Benzinga

Effect of COVID-19 On Mental Health and Suicide According to Helen Schifter

The first-ever state and county-level data examining possible suicide risk in the year 2020 were released by Mental Health America. The states and counties selected in the analysis are those that have the highest need for a quick and coordinated response in the wake of COVID-19’s mental health crisis. Suicide data from the federal government is frequently delayed by one to two years, making it difficult to respond and jeopardizing prevention efforts according to Helen Schifter. At MHA, they’re changing things using their data.

In 2020, MHA examined data from over 2.6 million people who used its real-time online mental health screening. During COVID-19, data from these users made up the largest dataset ever collected from a help-seeking population dealing with mental health issues. The study examines the outcomes of 725,949 people who took a depression test on MHA’s screening site in 2020. Over a third of those surveyed said they had had suicidal or self-harming thoughts on more than half of the days or nearly every day in the previous two weeks. This information shows the bare minimum of persons at risk in every given community. Many more people struggle silently before resorting to the internet for information and treatment for each individual who takes a mental health screening online. The continuing coronavirus quarantine is unavoidably affecting everyone’s mental health as per Helen Schifter. While there is lots of information and services available for managing mild to moderate symptoms of depression, stress, and anxiety during the COVID-19 pandemic, it may be more difficult to know where to go in a mental health emergency. Dealing with suicidal thoughts is difficult and terrifying at any time, but lockdown can make you feel even more alone with your concerns. We’re all dealing with uncertainty and concern about the future, as well as social isolation, movement constraints, and the stress of adjusting to new routines in the eyes of Helen Lee Schifter. But it’s vital to know that you’re not alone and that help is still accessible, even if you can’t get it in the traditional methods.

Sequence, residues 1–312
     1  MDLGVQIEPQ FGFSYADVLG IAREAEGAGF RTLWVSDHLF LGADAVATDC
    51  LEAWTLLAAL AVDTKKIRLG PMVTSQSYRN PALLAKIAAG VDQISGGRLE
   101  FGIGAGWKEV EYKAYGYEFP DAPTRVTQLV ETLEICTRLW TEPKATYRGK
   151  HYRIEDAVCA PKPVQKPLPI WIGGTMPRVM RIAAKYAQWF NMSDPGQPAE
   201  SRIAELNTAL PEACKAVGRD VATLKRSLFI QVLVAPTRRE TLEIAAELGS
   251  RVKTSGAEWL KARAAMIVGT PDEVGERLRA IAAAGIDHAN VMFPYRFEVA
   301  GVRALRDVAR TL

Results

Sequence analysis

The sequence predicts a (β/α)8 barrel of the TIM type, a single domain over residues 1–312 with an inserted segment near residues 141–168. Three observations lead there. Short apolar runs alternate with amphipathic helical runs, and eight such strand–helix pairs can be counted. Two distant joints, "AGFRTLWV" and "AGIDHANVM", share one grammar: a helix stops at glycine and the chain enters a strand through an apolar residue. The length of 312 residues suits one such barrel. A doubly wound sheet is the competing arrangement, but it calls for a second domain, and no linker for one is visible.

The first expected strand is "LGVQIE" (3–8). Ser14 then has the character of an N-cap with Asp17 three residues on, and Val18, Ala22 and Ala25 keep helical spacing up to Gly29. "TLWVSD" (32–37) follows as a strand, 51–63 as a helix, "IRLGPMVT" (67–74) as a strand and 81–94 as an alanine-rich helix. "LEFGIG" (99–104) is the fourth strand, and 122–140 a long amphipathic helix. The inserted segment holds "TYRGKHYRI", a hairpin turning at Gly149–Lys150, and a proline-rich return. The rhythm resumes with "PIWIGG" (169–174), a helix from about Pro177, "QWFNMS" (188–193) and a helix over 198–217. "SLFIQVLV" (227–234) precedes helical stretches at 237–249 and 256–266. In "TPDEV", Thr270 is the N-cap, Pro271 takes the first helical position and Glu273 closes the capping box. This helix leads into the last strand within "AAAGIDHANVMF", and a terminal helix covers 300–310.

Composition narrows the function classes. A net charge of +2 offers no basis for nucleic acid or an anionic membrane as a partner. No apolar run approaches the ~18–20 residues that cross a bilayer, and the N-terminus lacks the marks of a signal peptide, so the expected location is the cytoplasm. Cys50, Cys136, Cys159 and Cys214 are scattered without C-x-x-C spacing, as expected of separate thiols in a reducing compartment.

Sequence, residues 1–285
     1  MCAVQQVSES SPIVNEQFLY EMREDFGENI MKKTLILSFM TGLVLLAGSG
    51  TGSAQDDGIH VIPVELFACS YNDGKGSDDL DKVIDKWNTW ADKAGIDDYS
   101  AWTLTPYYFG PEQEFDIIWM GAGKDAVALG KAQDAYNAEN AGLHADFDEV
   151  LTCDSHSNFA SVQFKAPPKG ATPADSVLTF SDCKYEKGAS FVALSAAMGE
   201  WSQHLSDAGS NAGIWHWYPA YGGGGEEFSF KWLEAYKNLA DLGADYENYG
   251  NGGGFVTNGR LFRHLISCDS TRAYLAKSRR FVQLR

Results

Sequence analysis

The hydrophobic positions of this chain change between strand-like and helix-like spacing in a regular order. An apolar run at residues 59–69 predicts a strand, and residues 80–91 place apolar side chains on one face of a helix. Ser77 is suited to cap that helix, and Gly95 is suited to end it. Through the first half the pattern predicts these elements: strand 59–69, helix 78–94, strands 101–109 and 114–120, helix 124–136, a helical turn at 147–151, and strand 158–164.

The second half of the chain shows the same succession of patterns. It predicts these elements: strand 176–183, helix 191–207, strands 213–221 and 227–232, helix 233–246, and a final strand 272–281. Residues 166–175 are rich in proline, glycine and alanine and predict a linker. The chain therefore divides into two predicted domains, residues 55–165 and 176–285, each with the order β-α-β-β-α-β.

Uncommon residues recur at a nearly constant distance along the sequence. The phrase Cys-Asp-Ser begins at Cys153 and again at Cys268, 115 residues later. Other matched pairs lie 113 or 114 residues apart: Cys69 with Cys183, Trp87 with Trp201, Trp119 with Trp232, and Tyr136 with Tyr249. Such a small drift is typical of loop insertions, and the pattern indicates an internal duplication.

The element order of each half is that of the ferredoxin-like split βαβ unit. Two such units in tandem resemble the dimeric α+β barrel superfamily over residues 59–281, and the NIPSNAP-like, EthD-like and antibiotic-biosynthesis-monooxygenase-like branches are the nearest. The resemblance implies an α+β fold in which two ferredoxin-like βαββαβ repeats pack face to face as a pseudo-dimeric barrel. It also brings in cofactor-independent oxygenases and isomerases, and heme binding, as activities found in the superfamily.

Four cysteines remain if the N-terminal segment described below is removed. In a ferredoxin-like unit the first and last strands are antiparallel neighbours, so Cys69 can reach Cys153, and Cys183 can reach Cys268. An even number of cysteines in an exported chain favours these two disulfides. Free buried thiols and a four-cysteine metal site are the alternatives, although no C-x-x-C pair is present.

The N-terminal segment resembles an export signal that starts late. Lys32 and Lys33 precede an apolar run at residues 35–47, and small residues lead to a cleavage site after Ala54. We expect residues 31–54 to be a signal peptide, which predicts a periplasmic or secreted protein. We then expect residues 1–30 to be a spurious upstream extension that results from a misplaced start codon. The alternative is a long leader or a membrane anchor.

• Country Level Findings

California, Texas, and Florida were the three states with the largest number of people having frequent suicide ideation. Hawaii had the highest number of people who took a depression test expressing suicidal ideation, followed by Montana, West Virginia, Nevada, and New Mexico. In relation to the entire population of the state, Alaska had the largest percentage of people having regular suicidal thoughts or self-harm, followed by Alabama, Wyoming, Indiana, and Hawaii.

  • State-Level Findings

Los Angeles County, CA, Maricopa County, AZ, and Cook County, IL were the three counties in the United States with the highest amount of people expressing suicidal thoughts or self-harm on more than half or nearly every day in the previous two weeks. Bexar County, TX had the largest proportion of people reporting regular suicidal thoughts or self-harm, followed by Clark County, NV, Riverside County, CA, Maricopa County, AZ, and San Bernardino County, CA, among the most populous counties. Carrollton County, KY had the largest percentage of residents reporting regular suicidal thoughts or self-harm, trailed by Switzerland County, IN, Whitley County, KY, Greensville County, VA, and Ripley County, IN. It’s also worth noting that many of the top 20 counties in this section of the study are located in rural communities with few mental health care resources.

The purpose of this study is to identify places in need of more mental health services, gain a better understanding of mental health issues in the United States, direct proper resource allocation, and build a population-level environment that promotes mental wellbeing.